Volume 6 Issue 8 September 2005
ICC Hearings: Diagnosis—Critical
by Michael Fischer
It is now time for the International Code Council’s (ICC) 2005 Final Action Hearings slated for September 28 through October 2 in Detroit. Testimony and voting on the hundreds of public comments at the gathering will eventually result in the publication of the 2006 International Codes.
The recently-formed Joint Code Committee (JCC) of the American Architectural Manufacturers Asso-ciation (AAMA) and the Window and Door Manufacturers Association (WDMA) will work on behalf of the door, window and skylight industry to represent the associations’ membership at the hearings by monitoring and representing the industry before the ICC governmental voting members. Formed this year in the midst of the current code cycle, the JCC will coordinate preparation for the hearings and provide direction to staff of both organizations to ensure that the member interests are best served.
The Key Proposals
There are many key issues on the table in Detroit. Some of the most significant include:
• Standards references: The new harmonized 101/I.S.2/A440 fenestration standard was introduced to the ICC during the committee hearings in Cincinnati last February. Unfortunately, not every committee adopted the updated reference in the same manner. The JCC position that the I-Codes should contain a single reference to the joint fenestration standards for windows, doors and skylights means that industry advocates will be working towards that goal during the public comment testimony.
• Exterior window and door installation: The JCC worked hard to reach a satisfactory compromise with the key stakeholders representing the flashing and envelope industries, building code officials and homebuilders. The public comment filed by WDMA attempts to complete that task. If successful, the action will result in clear direction regarding the appropriate use of flashing as well as a requirement to follow manufacturer’s installation instructions.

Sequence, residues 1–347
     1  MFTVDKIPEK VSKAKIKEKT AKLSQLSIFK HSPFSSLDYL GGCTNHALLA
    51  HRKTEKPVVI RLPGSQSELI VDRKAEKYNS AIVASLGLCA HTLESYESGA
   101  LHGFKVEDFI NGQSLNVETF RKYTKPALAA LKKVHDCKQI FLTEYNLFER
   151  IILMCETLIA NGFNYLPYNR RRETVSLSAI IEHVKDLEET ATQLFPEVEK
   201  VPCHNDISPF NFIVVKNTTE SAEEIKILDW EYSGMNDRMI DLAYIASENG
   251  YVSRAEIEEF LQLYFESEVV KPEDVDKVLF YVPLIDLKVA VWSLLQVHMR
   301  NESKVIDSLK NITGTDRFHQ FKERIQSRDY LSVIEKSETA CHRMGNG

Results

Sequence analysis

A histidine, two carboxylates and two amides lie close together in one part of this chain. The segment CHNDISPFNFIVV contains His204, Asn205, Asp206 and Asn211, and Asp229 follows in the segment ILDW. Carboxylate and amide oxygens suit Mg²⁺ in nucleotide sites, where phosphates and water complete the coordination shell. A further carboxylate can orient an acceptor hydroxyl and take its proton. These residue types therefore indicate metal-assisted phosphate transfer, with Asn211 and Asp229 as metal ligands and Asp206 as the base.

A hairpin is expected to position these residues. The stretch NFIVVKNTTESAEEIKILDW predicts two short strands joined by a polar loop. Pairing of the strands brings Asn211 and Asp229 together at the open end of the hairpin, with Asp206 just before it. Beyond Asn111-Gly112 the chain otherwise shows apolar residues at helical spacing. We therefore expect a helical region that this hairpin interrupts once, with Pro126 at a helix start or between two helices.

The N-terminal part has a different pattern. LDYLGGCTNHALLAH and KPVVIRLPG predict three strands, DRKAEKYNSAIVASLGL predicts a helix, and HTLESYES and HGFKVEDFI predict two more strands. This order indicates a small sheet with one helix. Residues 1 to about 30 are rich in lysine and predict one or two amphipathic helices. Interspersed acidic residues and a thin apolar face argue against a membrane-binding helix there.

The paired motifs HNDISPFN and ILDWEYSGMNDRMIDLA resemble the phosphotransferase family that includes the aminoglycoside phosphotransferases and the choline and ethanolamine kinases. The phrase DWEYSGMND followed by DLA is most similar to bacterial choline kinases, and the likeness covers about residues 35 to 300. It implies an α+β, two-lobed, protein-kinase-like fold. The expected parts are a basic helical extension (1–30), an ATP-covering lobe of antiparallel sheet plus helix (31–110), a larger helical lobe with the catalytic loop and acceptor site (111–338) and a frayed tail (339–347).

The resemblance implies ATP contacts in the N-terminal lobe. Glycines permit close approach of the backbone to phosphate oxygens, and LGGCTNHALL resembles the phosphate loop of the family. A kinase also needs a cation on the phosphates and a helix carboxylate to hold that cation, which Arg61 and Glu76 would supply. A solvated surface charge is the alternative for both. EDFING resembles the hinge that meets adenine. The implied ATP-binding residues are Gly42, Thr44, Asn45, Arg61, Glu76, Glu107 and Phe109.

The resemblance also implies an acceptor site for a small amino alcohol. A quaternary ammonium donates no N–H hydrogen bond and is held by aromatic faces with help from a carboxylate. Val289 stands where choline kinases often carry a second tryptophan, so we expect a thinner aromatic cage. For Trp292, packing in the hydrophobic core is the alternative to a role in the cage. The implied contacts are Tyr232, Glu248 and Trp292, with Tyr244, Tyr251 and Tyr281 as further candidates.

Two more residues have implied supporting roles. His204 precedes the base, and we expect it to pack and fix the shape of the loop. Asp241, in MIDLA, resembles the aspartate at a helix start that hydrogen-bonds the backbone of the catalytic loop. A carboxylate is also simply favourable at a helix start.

• Window safety: Several public comments regarding the problem of child falls and the issue of window sill height restrictions have been filed. During the ICC committee hearings, conflicting actions were taken by separate committees as well as a result of an assembly motion. The IRC Building and Energy Code Committee passed a resolution asking the ICC Board to create an ad hoc committee to investigate the issue of child falls, sill height requirements and emergency escape and rescue provisions. WDMA supports the recommendation of the IRC B/E committee.
• Energy: Thirty-nine separate comments will be heard by the ICC assembly in Detroit. Besides the standards reference mentioned above, many other energy proposals affecting the window industry will be included. Some of the issues to be determined include definitions, prescriptive skylight U-Factor and Solar Heat Gain Coefficient (SHGC) requirements, limits to trade-off values for fenestration products, sunroom provision limitations and the applicability of “above-code” programs as a means of identifying energy code compliance.
• Urban-Wildland Interface: A proposal requiring testing of exterior glazing to NFPA 257-00 in certain zones was approved during the committee hearings; a public comment filed by the National Association of Homebuilders seeks to disapprove the proposal.
• International Fire Code: Several comments affecting the architectural door industry were submitted for final action consideration, including one from the Door Safety Council (DSC). The DSC comment seeks to clarify language regarding the use of security devices that may impair means of egress under certain conditions.
Needless to say these hearings will be an important and momentous milestone for the industry, particularly with the advocacy of the JCC. It will be interesting to see what October brings with the completion of the 2004/2005 code development cycle and the publication of the 2006 I-Codes.
Michael Fischer serves as director of codes and regulatory compliance for the WDMA based in Des Plaines, Ill.
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